There was a point in recent history where we all remember being asked quite regularly by strangers what the time was.
Now, even if like me you don’t wear a watch, the time is all around us.
On our phones, in our car and on our computer screens.
In 1936, the speaking clock (known as Tim – short for time) was introduced.
In 1924, the BBC began broadcasting the chimes from Big Ben.
By the late 1800s both the Post Office and the Standard Time Company were competing to offer an accurate time telling service to businesses across London.
Before all this though was John Belville.
John was a Senior Astronomer at the Royal Observatory Greenwich.
Between 1836 and his death twenty years later, John had developed a little sideline business. Over 200 clients across the capital hired him on retainer to visit them once a week and tell them the accurate time, which he would set accurately each morning at the Observatory on his pocket watch.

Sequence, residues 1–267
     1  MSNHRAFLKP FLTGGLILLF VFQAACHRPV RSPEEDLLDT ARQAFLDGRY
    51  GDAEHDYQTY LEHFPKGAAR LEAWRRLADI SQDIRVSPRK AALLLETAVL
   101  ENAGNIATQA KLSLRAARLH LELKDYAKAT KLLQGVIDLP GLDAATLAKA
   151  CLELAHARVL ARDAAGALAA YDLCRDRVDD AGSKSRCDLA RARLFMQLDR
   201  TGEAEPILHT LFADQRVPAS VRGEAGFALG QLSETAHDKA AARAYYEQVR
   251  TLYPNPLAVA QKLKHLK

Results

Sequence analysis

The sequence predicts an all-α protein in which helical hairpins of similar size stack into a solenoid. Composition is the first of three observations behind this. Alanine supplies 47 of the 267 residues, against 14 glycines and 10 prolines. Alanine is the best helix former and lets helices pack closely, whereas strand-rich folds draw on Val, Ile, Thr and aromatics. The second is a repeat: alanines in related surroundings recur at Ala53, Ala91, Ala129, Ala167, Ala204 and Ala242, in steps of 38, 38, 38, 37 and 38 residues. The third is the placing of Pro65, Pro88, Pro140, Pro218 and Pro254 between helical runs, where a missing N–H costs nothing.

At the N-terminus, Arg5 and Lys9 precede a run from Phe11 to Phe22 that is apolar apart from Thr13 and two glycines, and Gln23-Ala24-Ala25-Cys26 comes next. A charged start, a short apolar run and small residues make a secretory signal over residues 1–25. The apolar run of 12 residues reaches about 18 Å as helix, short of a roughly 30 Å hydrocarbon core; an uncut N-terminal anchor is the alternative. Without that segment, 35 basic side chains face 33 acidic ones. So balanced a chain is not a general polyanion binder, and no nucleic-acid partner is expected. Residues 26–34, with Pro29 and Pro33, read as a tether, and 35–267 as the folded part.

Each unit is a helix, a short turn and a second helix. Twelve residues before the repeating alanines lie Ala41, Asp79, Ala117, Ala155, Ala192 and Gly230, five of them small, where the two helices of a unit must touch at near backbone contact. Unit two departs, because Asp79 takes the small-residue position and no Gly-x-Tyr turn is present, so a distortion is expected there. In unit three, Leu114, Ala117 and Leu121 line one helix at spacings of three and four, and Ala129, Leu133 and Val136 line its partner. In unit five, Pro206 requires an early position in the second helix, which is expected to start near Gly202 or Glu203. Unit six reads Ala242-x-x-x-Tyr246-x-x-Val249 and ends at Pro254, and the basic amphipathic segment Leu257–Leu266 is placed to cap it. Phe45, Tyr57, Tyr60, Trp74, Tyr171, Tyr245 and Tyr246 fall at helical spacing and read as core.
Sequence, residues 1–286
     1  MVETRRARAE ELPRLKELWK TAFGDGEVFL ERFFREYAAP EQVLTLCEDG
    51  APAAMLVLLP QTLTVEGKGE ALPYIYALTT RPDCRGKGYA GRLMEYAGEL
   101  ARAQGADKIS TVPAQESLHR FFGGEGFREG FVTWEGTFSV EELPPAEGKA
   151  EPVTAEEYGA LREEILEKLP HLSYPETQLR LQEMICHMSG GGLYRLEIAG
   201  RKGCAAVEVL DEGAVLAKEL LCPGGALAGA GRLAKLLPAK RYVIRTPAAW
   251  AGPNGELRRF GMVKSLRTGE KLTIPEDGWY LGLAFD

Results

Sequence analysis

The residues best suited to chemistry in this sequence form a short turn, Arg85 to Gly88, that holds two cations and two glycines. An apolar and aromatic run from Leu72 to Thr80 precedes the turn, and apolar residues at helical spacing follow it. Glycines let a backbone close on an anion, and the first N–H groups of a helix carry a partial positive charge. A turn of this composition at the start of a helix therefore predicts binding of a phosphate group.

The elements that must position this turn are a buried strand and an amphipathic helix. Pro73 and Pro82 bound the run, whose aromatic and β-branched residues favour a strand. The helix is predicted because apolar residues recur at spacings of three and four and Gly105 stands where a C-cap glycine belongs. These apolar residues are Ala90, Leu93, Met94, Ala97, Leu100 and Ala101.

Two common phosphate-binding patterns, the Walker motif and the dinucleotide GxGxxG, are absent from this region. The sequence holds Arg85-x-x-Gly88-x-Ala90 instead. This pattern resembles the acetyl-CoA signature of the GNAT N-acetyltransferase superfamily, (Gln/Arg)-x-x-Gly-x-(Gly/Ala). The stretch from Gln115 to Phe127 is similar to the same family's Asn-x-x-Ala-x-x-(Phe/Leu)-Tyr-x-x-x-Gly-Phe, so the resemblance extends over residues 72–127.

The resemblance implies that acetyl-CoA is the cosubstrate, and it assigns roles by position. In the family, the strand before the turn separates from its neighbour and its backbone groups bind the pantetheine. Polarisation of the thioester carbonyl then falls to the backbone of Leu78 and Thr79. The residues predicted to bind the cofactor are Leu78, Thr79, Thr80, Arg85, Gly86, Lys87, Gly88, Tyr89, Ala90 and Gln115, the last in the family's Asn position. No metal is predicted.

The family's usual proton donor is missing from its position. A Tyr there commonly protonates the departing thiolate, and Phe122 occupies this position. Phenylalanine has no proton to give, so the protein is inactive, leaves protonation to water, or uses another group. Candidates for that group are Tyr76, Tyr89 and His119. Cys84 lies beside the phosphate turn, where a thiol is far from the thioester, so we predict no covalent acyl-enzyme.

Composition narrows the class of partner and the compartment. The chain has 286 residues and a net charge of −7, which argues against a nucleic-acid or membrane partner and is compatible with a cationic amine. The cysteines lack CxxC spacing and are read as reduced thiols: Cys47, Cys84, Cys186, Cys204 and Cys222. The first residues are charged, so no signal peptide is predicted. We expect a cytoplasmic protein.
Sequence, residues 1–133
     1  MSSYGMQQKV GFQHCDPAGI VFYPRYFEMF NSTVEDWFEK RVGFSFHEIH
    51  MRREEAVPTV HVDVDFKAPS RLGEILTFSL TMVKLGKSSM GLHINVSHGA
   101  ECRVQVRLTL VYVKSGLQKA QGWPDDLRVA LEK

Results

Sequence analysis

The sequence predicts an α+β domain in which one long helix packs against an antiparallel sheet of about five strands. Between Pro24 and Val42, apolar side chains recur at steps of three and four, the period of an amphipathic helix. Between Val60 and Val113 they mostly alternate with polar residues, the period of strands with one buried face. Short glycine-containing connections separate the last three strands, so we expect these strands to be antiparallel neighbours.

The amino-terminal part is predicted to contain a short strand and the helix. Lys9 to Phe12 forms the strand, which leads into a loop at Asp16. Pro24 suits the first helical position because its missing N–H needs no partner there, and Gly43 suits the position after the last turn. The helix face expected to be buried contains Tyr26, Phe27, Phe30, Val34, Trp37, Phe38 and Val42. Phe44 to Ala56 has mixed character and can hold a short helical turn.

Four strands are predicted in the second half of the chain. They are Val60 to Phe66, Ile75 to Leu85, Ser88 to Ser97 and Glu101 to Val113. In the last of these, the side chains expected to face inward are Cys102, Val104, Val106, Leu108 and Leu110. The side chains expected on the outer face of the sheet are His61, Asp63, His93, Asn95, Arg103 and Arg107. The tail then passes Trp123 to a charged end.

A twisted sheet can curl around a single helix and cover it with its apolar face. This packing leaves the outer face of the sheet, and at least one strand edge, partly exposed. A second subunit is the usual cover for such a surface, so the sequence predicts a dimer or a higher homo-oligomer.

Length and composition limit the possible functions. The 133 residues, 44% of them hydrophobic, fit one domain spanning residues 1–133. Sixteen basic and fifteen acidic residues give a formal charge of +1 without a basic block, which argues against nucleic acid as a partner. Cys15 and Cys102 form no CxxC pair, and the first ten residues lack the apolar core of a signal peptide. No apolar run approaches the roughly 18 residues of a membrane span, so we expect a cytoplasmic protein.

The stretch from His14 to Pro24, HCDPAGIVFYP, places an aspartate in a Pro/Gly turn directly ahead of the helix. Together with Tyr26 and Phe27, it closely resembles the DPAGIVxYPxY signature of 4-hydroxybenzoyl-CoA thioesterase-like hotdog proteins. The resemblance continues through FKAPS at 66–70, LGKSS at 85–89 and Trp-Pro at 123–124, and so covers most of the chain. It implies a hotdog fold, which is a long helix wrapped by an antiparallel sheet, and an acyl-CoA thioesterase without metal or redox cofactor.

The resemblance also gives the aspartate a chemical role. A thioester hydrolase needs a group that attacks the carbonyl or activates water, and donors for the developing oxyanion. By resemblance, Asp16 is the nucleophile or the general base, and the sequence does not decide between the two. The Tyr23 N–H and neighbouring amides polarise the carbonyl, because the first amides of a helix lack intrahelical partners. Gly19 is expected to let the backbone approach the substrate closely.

After his death, the subscribers to the service quite simply didn’t know what to do. So they petitioned his widow, Maria, to continue with the business. She did this until retirement in 1892.
Again, the clients demanded that the service continue.
Even though there were now alternative means of knowing an accurate time.
It was time for the Belville’s daughter, Ruth to step up.
For a further 48 years she carried around with her, her father’s trusty old pocket watch (called Arnold after its maker John Arnold) to the ever loyal client base. She retired in 1940, aged 86 when WW2 made the walking of London’s streets unsafe. By this time, she had become known as the Greenwich Time Lady.
The service lasted 104 years. In the face of many seemingly better and more convenient challengers.
Take the time to evaluate what’s right and what needs replacing.
In a modern world where new technologies revolutionise our lives every single day it’s worth understanding that things old and new can live alongside each other.
Don’t be in a rush to disregard old practices or fully embrace the new at the cost of tried and trusted methodology – allow them to co-exist, maximising both to their full potential.
Everything we do has the same goal, how we achieve it needs careful consideration and sometimes the old ones are the best.
Time is of the essence but accuracy is essential.